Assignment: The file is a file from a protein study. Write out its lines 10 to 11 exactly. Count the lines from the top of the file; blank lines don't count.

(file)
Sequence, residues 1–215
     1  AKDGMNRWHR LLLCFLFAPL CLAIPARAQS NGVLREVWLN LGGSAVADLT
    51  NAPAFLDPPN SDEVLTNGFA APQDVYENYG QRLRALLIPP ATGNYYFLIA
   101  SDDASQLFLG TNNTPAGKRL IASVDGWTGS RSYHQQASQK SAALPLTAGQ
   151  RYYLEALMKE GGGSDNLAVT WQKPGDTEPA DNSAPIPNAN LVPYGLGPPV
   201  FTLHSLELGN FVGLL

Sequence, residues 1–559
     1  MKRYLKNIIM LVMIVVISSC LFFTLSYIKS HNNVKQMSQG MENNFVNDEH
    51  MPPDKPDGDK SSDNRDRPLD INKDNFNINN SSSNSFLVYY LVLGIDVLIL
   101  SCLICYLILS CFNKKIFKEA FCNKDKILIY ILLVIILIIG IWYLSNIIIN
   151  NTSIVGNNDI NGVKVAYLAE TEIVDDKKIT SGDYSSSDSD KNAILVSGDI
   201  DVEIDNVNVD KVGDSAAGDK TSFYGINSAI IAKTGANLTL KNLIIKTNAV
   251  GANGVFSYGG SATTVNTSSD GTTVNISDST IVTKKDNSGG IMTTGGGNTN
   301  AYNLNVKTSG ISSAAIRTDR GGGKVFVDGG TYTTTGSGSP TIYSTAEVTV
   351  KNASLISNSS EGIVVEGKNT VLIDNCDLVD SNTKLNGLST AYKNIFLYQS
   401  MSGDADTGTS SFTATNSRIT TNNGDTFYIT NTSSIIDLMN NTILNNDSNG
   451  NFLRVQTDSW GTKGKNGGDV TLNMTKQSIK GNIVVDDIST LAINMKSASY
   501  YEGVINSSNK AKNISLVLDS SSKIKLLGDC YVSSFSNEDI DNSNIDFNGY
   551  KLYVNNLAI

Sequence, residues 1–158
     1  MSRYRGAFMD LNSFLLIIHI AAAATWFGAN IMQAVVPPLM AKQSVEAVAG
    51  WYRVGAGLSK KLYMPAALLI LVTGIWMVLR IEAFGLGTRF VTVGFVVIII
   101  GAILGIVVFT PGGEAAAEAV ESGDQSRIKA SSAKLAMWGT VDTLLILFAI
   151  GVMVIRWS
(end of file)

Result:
   101  SCLICYLILS CFNKKIFKEA FCNKDKILIY ILLVIILIIG IWYLSNIIIN
   151  NTSIVGNNDI NGVKVAYLAE TEIVDDKKIT SGDYSSSDSD KNAILVSGDI